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Low Lying Fruit: Tax and Cash Flow Considerations for Contractors

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By: Bryan Porter

While it may seem late in the year for planning, there are a few simple, yet often overlooked, tax and cash flow planning opportunities that are available to most contractors that allow you to preserve the company’s balance sheet and conserve your cash position. It is important to be aware of and evaluate those opportunities now, as they are easy and important ways to set the company up for financial success in 2016.

Here are a few key tax and cash flow considerations that may add value to your company’s financial position as you begin a new year.

Equipment Acquisition

In recent years, the government has offered significant tax benefits related to accelerating depreciation on equipment purchases and capital improvements. Historically, Congress has not passed the “extender” legislation on bonus depreciation or increased section 179 benefits until late in the year, leaving a contractor very little time to plan and react to the incentives and purchase new equipment. The same holds true this year, which is why contractors exploring significant purchases during the first quarter of 2016 should consider making these purchases in 2015 in case legislation is passed to provide an increased tax deduction. The potential tax savings would need to be analyzed with any financial reporting and cash flow implications for 2015 and future periods.

Tax Projections

Contractors should also revisit and update tax projections and related cash requirements based on the most current financial data available to assess the projected tax liability of the company and its business owners. Contractors who are projecting significant taxable income for 2015 should consider the tax benefits of pre-paying 2015 projected state income tax liabilities in December 2015 and should formulate a cash flow plan to assess any significant cash outflows for remaining federal tax liabilities in early 2016.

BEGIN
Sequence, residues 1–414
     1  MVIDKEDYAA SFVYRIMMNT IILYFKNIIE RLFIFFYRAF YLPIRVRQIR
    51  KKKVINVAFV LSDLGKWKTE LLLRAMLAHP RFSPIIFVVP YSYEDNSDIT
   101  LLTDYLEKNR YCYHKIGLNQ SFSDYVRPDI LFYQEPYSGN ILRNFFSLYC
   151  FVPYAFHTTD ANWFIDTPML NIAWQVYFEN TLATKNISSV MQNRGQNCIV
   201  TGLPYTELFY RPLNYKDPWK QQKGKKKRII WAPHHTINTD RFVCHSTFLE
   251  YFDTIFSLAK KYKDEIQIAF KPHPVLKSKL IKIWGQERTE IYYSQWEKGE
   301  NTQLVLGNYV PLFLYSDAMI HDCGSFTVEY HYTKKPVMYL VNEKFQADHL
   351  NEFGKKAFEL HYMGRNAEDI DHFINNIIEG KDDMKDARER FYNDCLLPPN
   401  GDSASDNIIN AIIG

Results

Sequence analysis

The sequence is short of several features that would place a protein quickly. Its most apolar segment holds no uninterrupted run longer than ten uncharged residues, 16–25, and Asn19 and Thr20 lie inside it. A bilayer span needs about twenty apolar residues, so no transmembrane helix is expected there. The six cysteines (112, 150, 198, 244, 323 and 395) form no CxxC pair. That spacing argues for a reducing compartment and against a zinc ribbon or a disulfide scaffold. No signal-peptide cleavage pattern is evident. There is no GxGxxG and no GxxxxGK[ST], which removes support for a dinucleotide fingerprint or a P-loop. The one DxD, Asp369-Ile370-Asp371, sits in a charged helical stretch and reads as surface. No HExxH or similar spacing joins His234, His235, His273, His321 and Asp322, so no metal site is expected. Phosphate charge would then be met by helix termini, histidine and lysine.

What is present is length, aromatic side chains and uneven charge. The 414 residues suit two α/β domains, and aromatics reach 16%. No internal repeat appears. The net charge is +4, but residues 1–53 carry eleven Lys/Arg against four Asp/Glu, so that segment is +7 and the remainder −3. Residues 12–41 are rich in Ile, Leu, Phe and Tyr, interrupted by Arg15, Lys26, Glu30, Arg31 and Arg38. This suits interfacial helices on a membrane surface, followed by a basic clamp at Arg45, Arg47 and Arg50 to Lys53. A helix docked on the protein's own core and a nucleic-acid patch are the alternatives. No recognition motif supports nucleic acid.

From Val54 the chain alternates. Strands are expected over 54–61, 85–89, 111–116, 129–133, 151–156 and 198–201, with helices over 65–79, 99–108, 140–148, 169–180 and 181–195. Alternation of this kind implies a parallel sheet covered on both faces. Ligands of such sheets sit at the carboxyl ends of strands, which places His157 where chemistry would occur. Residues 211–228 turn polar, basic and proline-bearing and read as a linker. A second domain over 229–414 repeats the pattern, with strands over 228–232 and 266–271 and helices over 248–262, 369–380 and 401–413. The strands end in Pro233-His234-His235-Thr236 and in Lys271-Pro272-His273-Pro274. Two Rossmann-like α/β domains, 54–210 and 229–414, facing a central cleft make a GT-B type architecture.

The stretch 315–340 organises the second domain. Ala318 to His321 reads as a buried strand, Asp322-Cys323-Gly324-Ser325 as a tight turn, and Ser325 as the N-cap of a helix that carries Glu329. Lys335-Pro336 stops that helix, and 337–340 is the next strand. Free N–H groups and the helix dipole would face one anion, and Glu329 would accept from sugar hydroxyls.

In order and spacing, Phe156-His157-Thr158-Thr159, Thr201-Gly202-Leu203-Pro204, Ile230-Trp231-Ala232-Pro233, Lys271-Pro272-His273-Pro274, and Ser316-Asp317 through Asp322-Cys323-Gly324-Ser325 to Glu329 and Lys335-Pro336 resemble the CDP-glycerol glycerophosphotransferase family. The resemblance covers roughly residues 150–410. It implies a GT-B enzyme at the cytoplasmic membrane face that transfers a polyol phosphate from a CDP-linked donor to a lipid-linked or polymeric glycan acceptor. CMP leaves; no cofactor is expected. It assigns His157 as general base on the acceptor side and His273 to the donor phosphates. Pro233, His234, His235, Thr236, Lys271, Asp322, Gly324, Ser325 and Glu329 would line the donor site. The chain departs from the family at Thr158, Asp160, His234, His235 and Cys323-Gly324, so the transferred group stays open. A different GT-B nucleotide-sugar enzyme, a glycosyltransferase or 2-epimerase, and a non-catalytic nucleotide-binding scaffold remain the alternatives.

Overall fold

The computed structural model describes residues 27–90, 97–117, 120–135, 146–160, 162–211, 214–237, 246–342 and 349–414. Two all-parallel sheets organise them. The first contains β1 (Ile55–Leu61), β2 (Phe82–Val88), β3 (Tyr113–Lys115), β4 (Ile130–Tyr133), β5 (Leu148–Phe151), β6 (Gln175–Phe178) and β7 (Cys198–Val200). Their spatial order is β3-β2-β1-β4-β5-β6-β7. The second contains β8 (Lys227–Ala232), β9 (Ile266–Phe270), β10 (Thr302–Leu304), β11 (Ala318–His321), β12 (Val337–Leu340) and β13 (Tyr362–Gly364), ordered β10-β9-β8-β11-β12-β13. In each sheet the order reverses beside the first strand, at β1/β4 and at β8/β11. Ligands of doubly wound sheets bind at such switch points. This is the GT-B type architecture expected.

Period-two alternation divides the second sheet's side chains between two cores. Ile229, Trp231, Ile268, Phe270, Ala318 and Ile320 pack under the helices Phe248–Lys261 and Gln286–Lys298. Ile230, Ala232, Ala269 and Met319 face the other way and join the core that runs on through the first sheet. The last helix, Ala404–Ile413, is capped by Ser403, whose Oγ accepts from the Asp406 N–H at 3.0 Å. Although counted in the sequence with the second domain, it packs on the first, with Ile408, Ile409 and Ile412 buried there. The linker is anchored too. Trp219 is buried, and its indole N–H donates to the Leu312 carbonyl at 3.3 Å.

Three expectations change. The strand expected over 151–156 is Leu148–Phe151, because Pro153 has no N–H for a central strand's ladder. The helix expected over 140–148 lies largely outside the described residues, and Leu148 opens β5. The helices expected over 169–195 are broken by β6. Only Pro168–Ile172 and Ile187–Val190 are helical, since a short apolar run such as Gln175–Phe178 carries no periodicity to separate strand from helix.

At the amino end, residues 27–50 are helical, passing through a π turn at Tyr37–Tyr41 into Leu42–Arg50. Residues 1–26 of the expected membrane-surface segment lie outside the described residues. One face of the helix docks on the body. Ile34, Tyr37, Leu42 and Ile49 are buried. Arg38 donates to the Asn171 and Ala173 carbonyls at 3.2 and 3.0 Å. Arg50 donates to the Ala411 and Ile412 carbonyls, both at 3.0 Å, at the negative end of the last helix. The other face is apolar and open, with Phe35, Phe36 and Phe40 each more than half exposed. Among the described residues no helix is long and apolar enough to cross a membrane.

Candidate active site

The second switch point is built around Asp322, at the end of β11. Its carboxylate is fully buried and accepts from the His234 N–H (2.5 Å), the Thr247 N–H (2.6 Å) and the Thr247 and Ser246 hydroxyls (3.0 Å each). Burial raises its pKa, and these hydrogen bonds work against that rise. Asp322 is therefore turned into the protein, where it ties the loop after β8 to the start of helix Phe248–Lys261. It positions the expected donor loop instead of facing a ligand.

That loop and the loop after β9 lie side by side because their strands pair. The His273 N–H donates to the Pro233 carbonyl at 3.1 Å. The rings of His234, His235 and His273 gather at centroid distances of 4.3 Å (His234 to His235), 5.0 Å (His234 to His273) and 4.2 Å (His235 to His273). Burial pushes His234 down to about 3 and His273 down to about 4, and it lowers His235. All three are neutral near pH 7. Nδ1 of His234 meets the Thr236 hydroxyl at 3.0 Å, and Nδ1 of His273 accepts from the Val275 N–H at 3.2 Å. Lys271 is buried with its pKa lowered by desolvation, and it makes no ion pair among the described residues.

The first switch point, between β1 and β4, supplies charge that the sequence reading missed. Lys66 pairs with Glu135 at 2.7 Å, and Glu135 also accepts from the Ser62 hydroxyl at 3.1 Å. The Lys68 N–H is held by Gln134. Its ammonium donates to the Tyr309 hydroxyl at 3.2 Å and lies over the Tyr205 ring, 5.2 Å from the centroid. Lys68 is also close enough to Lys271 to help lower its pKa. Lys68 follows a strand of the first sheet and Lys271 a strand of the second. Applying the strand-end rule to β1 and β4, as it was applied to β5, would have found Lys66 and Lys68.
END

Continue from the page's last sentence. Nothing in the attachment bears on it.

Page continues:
Contracts Less Than 10% Complete

Contractors should perform a detailed review of their work-in-progress schedules and identify any contract that has started by December 31, 2015 and is less than 10% complete at year-end. The IRS allows the gross profit from contracts less than 10% complete to be excluded for income tax purposes even if the company’s contract accounting method is traditional percentage of completion.

Home and Residential Construction Projects

Now is a good time for contractors to talk to their CPA about opportunities to defer profit and the related tax liabilities on construction projects directly or indirectly related to home or residential construction projects. While the rules are complicated, there may be significant tax savings available to both general contractors and subcontractors who participate in these types of contracts and the company may be able to defer all or a portion of taxable income until substantial completion of the contract. Deferring tax liabilities on these contracts will conserve cash that can be crucial to beginning new projects or investing in the infrastructure of the company.

“Look-Back” Interest

Large contractors may receive a current tax benefit through a concept known as the “look-back” method. The IRS requires large contractors to revisit contracts that were in progress in prior years to make sure they recognized income (and paid tax) as it was earned on a project. For example, if a project was 80% complete at December 31, 2014 and was projected to result in $100,000 of profit at completion, then $80,000 should have been included in taxable income at December 31, 2014. If the contractor completed the project in 2015, but only earned $70,000 of profit due to unforeseen costs, then the company would be entitled to interest related to the overpayment of taxes in 2014. It is important to note the calculation also works in reverse and could result in additional tax liabilities on under-reported income.

Given the current demands and ever-changing construction marketplace, it is crucial that business owners and executive management teams have knowledge of available tax benefits that can be used to increase the company’s financial strength. A qualified, industry-savvy CPA can provide you a level of confidence in understanding the tax code and help you accomplish the financial goals set for your company in 2016.


Brian tall BW BRYAN C. PORTER, CPA, MS, is a Principal in the Audit, Accounting and Consulting Department of Ellin & Tucker (www.ellinandtucker.com) in Baltimore, MD, where he advises privately held businesses in various industries including manufacturing, wholesale distribution, construction, technology and not-for-profit. Bryan is also a member of the firm’s Audit and Accounting Technical Standards Committee, which oversees programs designed to educate the firm and its clients on current accounting and business topics.

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